I had only been here once before my fairly recent visit and I should not have been surprised to find it as superb as I remembered, if only because the natural contours do not allow for much building to alter its nature.
Of course cottages which would once have housed local people living from the sea have now largely gone as holiday homes, some for letting, but I do not see that this could have been avoided without an expensive change in housing policy nationally.
There is really not much else to be said. Portloe's main attraction is its lack of man-made attractions though the carpark is useful and is situated just far enough from the sea to avoid any deleterious effect on the scenery. The coastal path makes its way onto appealing headlands on both sides and then, of course, disappears from view.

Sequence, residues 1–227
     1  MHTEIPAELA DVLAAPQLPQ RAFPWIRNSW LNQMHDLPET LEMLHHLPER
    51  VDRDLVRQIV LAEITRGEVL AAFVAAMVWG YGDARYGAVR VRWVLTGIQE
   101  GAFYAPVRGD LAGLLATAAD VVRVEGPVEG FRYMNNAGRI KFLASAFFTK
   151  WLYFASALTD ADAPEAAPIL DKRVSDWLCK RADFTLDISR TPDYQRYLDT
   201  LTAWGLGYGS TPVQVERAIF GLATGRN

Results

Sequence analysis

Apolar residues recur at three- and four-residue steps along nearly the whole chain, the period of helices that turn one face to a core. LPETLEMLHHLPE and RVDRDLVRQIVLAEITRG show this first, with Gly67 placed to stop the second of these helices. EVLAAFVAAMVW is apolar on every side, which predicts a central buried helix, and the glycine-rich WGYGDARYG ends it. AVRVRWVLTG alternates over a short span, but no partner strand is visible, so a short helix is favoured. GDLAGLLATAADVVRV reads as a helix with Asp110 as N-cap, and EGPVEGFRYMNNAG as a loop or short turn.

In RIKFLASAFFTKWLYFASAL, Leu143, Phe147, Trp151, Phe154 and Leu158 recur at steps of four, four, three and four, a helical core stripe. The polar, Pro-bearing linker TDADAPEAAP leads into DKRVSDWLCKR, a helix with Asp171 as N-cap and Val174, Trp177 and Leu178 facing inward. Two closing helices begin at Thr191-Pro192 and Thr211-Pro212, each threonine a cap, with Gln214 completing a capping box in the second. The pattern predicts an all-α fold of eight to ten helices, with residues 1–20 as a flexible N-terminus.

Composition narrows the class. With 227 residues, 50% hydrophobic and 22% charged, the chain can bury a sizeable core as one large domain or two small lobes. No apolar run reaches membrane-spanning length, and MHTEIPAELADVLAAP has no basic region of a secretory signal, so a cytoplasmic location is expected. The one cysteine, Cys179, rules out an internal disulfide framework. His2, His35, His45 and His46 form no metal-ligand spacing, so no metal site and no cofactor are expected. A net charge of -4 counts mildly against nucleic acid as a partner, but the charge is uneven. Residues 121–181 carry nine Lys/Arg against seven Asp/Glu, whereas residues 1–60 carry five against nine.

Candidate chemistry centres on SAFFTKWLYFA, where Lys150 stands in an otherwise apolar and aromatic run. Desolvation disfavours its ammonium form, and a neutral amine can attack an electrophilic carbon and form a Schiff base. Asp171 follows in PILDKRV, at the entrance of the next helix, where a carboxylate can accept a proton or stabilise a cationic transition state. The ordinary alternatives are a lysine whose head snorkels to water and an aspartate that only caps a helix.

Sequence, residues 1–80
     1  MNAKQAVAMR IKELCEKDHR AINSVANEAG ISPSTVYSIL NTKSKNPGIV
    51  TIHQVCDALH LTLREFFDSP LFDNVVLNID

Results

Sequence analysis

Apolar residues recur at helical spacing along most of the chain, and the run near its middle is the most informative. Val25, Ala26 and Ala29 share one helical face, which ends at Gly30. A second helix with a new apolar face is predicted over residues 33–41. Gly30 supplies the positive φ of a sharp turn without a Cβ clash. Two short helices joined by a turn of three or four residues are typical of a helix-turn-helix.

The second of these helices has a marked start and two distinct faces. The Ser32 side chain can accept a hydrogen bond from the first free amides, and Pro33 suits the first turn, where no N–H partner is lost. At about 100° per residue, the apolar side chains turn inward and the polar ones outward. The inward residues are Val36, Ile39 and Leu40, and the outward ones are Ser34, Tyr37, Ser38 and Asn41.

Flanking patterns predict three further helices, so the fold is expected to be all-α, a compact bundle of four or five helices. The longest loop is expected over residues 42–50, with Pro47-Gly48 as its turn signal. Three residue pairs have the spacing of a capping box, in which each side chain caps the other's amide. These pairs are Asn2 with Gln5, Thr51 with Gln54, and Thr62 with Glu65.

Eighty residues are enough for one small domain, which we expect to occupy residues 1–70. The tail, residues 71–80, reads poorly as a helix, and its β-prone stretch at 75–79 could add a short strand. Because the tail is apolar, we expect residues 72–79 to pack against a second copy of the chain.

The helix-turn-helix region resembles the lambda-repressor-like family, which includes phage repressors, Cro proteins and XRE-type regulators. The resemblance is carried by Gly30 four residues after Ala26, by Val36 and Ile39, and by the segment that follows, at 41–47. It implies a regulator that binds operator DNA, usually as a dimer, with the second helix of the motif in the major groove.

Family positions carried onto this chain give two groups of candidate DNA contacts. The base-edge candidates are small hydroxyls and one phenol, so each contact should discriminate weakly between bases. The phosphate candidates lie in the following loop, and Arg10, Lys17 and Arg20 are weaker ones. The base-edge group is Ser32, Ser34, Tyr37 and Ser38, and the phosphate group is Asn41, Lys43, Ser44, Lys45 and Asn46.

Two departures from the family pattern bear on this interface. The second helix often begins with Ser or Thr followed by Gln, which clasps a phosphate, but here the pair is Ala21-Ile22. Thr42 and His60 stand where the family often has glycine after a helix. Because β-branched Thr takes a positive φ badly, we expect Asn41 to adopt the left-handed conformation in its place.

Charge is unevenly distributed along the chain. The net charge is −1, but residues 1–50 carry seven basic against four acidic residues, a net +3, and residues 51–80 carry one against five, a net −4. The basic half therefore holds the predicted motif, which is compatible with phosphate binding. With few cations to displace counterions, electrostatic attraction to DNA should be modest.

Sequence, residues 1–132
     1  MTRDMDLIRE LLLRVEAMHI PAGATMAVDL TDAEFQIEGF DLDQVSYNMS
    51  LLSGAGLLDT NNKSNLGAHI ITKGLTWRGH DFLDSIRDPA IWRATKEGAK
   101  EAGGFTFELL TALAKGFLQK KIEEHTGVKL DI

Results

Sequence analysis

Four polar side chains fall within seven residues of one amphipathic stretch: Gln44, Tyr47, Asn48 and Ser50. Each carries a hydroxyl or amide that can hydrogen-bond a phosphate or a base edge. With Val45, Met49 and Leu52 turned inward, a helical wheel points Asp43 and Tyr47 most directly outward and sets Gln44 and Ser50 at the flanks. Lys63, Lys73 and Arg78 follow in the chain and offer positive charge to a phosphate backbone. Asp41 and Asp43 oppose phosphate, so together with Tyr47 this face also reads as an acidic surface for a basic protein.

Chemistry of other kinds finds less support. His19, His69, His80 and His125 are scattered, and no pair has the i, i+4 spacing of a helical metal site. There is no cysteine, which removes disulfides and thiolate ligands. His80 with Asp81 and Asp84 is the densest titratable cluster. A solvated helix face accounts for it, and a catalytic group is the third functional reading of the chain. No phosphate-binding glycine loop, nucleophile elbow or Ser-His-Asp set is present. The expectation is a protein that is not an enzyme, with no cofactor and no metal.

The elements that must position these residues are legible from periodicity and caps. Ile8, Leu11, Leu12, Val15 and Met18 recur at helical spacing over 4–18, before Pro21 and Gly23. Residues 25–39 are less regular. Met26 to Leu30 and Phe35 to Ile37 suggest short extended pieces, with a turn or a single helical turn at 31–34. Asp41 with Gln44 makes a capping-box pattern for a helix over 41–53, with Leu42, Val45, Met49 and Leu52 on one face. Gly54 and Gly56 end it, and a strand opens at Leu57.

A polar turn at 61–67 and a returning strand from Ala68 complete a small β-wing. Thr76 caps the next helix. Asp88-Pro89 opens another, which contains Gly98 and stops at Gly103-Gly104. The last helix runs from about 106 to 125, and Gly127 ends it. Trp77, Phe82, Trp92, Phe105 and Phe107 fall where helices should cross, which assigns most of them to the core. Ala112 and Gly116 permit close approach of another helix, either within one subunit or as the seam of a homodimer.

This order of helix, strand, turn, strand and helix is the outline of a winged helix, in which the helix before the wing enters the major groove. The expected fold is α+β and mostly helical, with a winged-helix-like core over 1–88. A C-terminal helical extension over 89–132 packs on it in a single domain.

Coast west of Mevagissey
Attraction | "St Mawes Castle"
The site is a headland immediately east of the Carrick Roads, a glorious stretch of water at high tide into which the Truro River and the Fal feed and which peters out in numerous scenic creeks. On the other side of Carrick Roads is Pendennis Castle, above Falmouth.
Henry VIII, the second Tudor king of England, was responsible for the building of both castles, which formed part of a chain of castles protecting the south coast of England, where invasions had been common, including the one that had led the seventh Henry to the throne.